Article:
Is it good English to say "They have just left", when talking about a single person (perhaps someone you don't know the gender of)?

(I am a native English speaker, I'm looking for the view held by lexicographers).

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    I will quote one of our moderators: " Singular they enjoys a long history of usage in English [...]. However, 'singular they' also enjoys a long history of criticism. If you are anxious about being criticized (for what is in fact a perfectly grammatical construction) you are advised to reword to avoid having to use a gender neutral singular third-person pronoun."
    – RegDwigнt
    Commented Dec 15, 2010 at 17:18
  • @Kosmonaut: Some people consider it nonstandard in English :) Commented Dec 15, 2010 at 20:51
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    @Mr. Shiny and New: When I say "nonstandard", I mean not in anyone's notion of Standard English; a newspaper, magazine, journal article, or legal document would specifically avoid this usage. I don't think you could argue it is actually standard in that sense in any part of the world at this time. But certainly, if you mean "standard" in the sense of this being preferred by some people in casual speech, then that is certainly true (myself included). I think it ultimately will become standard.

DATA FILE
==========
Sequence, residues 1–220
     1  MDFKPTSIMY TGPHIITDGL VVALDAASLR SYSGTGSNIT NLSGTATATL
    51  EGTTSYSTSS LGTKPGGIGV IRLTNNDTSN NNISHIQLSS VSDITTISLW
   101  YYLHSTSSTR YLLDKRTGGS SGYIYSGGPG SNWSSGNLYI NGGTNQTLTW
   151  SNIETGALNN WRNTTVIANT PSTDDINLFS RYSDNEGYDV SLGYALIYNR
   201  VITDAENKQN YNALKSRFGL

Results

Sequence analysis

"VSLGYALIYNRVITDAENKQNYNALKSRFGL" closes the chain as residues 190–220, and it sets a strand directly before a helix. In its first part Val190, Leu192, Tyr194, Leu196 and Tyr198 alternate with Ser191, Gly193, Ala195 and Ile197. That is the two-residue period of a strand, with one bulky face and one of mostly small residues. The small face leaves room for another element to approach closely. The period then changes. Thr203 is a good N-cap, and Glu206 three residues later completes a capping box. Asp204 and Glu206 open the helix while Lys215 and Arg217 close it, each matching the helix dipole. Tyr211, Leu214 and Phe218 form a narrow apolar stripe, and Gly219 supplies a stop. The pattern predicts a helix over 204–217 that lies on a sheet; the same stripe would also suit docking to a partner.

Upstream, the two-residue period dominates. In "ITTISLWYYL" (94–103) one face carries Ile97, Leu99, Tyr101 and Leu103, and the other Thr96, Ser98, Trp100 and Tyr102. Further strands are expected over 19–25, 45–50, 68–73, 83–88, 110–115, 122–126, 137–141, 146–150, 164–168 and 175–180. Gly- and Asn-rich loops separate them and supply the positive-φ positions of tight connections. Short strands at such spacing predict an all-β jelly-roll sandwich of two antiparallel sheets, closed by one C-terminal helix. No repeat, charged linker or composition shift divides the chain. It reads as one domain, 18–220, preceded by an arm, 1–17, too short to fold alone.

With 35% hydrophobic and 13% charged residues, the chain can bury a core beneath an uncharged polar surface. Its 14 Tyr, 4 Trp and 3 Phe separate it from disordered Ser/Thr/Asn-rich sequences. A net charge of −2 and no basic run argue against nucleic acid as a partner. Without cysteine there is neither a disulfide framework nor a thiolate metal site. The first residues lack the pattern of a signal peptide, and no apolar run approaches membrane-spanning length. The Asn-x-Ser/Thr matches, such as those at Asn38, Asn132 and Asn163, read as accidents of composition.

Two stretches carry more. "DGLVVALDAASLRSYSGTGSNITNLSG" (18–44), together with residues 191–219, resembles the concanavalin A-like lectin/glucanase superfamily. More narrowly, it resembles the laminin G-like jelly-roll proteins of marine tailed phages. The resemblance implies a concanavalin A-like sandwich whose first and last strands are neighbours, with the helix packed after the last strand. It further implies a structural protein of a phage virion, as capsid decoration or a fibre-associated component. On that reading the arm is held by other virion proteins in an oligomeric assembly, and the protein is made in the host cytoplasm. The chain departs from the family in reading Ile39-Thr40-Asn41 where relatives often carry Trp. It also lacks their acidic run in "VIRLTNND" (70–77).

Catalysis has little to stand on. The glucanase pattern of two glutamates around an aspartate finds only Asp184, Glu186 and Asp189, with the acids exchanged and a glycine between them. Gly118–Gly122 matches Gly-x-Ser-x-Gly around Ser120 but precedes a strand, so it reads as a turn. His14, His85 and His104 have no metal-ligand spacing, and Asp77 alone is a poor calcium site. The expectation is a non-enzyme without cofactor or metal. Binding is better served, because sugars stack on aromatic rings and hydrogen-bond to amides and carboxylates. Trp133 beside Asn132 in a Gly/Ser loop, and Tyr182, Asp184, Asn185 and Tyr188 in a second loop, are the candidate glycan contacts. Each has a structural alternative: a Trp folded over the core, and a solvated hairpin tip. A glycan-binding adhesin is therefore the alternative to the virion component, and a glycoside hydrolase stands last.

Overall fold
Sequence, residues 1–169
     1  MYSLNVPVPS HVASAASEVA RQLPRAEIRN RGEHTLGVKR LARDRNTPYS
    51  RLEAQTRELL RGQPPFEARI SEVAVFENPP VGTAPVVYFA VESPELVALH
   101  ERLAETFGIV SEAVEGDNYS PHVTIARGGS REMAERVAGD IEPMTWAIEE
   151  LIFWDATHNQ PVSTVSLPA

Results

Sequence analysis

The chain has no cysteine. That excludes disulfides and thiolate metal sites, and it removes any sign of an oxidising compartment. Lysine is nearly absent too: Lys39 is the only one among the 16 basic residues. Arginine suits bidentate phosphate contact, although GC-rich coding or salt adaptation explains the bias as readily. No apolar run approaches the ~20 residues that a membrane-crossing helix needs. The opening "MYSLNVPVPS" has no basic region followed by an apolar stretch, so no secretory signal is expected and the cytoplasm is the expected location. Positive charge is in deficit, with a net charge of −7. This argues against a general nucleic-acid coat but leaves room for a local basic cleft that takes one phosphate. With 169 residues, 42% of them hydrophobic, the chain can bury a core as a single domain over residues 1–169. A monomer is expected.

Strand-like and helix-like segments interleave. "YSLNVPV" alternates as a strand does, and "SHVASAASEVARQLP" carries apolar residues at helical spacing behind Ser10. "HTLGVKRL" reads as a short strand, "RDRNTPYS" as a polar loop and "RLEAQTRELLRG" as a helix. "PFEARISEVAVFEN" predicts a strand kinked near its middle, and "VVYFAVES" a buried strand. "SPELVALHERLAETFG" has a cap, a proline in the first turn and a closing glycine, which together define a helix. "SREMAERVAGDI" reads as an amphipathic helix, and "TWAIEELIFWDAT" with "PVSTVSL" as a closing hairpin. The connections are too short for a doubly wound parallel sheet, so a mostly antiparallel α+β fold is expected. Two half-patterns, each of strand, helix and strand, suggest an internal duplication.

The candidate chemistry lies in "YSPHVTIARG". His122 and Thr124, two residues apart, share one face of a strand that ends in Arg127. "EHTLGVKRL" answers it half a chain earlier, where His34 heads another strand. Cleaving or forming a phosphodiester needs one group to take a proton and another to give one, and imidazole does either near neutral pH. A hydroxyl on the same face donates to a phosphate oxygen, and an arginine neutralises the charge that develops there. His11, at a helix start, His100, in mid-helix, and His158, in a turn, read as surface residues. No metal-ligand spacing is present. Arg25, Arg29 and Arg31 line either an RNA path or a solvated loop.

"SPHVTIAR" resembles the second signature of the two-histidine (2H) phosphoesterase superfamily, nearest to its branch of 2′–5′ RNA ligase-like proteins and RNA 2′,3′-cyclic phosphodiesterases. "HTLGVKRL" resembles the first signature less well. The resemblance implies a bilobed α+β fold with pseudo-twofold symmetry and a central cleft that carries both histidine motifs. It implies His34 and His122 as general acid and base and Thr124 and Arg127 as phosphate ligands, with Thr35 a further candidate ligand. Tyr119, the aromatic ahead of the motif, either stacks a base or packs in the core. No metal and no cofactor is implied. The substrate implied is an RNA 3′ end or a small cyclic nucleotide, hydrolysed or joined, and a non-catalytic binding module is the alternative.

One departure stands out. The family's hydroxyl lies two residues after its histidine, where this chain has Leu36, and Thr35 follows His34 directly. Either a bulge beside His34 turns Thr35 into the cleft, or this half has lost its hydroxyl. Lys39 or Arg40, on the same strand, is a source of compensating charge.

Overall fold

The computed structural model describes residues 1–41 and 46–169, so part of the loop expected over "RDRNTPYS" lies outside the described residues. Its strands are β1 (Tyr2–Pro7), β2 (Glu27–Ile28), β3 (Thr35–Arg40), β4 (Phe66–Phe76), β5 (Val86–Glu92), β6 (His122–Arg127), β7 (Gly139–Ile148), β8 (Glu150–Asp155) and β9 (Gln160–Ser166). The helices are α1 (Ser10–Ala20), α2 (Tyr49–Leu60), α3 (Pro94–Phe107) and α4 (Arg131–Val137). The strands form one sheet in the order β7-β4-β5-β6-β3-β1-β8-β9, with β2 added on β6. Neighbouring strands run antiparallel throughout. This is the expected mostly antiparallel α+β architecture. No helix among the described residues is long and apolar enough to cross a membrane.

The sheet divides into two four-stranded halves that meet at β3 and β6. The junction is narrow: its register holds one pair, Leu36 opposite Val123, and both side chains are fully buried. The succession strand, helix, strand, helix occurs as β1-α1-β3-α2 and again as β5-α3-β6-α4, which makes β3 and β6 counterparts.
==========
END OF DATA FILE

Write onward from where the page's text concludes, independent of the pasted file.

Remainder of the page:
– Kosmonaut
    Commented Dec 15, 2010 at 21:27
  • @Kosmonaut: I'd disagree that it's non-standard. A legal document might avoid it because legal documents should avoid anything which might introduce (unwanted) ambiguity, however those other publications you mention would certainly use it unless some style guide, or the author, feels strongly that it is "wrong". Commented Dec 16, 2010 at 13:49
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    @ivanhoescott Come to the chat room to discuss this further. Commented Apr 2, 2014 at 18:54

5 Answers 5


Singular they has been used in English for a long, long time. Seriously, Shakespeare even used it.